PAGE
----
If an important part of our job is to increase awareness and understanding of digital across our organisation, what lessons do we need to teach?
Pharmaceutical firms must adopt and consistently execute practices that lead to digital excellence and give them a competitive edge. Which of these firms are accelerating away from the rest of the marketplace? We found that only two—Merck and Bristol-Myers Squibb—are doing reasonably well and achieving excellence and maturity in their digital capability. Firms taking a disciplined approach to digital transformation achieved higher maturity in digital capability than their less-disciplined peers. To reach the next level of maturity, firms should invest in foundational digital capabilities, develop locally relevant plans, and bridge the gaps between marketing, digital, and IT.
Ogilvy CommonHealth Worldwide evaluated how 14 major pharma companies were performing across six key categories:
- Social presence: How many social networks was the company on?
- Activity: Was the content kept fresh with regular updates?
- Engagement: Were the companies engaging their users and generating interest?
- Social network: How simple and intuitive was the connection between social networks?
- Virality: Was the content spread around the social sphere?
- Sommunity Size: How big was the community?
"I value my time off. Years ago when first going onto EHR, I could not connect from my house so I learned to get everything done before leaving the office. My time off was truly unconnected. This EHR change to mobile is going to necessitate another change in work flow for me.
There are two ways to approach this subject:
1. It will allow me to follow my patients more closely since I can get their lab results and follow-up data without being in the office. This will improve my relationship with my patients and result in more detailed care for them.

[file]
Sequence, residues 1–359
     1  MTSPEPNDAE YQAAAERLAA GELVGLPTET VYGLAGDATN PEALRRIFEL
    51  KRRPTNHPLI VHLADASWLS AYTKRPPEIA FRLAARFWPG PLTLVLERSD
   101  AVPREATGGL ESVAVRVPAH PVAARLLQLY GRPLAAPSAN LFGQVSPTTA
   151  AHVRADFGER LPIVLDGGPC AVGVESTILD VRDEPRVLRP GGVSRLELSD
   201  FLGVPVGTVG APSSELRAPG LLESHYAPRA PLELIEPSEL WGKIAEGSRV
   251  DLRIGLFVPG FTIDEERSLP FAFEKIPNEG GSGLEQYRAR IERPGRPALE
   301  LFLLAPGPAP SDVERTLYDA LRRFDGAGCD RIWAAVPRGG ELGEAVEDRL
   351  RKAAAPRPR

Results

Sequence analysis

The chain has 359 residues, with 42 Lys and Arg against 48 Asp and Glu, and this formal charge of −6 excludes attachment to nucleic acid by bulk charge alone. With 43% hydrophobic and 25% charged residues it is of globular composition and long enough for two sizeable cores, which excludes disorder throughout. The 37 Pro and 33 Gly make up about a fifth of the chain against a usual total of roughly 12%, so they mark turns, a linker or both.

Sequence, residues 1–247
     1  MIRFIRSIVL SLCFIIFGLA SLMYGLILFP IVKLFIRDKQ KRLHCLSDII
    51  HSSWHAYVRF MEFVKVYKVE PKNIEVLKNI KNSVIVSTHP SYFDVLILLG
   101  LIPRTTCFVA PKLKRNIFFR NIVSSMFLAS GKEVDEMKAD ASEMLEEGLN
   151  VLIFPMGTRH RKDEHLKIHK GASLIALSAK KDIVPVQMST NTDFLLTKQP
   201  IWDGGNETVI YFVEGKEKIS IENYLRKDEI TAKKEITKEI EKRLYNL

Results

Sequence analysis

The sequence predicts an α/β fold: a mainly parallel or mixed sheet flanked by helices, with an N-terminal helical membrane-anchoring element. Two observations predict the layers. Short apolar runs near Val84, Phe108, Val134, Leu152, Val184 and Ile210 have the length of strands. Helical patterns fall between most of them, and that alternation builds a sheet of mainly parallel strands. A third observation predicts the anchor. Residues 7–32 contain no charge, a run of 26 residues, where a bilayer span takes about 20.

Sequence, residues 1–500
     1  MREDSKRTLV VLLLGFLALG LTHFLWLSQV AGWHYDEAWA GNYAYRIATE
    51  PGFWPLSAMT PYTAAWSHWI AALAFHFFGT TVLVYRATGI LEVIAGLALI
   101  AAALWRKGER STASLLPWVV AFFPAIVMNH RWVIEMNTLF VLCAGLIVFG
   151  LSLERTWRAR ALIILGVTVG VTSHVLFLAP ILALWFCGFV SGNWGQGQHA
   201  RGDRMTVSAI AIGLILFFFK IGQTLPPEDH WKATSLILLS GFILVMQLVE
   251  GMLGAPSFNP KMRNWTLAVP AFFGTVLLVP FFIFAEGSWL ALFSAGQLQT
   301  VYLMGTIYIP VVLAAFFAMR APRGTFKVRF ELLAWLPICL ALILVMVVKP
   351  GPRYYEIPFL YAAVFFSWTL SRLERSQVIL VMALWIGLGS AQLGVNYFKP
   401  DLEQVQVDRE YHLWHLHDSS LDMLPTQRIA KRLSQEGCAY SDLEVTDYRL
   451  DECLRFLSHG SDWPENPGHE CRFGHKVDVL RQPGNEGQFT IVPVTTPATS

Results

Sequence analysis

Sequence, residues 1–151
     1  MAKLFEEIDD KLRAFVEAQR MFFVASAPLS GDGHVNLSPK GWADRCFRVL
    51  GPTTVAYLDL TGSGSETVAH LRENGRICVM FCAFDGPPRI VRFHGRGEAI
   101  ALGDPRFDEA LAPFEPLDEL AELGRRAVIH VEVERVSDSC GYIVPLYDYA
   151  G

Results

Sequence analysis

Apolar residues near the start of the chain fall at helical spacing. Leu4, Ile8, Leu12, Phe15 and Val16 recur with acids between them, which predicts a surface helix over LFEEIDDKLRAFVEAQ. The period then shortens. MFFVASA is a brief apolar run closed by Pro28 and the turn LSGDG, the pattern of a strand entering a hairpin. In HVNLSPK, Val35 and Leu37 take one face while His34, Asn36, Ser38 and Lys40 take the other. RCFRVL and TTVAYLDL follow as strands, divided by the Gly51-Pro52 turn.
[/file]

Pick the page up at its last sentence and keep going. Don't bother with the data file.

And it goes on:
2. I will never really be out of the office. This could have legal ramifications.
The answer will likely be having a better buddy system and sign-out criteria in our practice. Right now, I have a buddy that will keep an eye on my charts and labs when I am away. We try to notify our buddies when they need to take over. Sometimes, it doesn't always work that way. So far, nothing serious has gotten missed … but we must remain vigilant in making sure follow up happens."
I prepared the chart on the left for the Pharma Marketing News article "DTC Ad Spending Rises from the Grave," which was published this Monday. You should compare this version of the chart to the one I published here on Pharma Marketing Blog last week (here).
This chart says 5% of pharma's 2014 DTC ad budget went to the Internet (excluding search), whereas the previous version says only 3%.
This chart says 63% of the budget went to TV, whereas the previous version says 70%.
I'll ignore print for now.
Determining the exact amount that the pharmaceutical industry spends on advertising via different media (TV, print, Internet, etc.) is a daunting task. Numbers regarding pharma DTC spending come from two sources: Nielsen and Kantar Media. Both report "measured media" spending, which includes TV, magazines, news-papers, radio, outdoor, and Internet (display ads only, not including search). Kantar tracks over 3,000 media sources throughout the US and Canada, which is a different methodology than that used by Nielsen. As a result, the numbers from these sources often do not match (for more on that, read "Making Sense of Pharma DTC Spending Trends").
Why the Differences?
Read more here.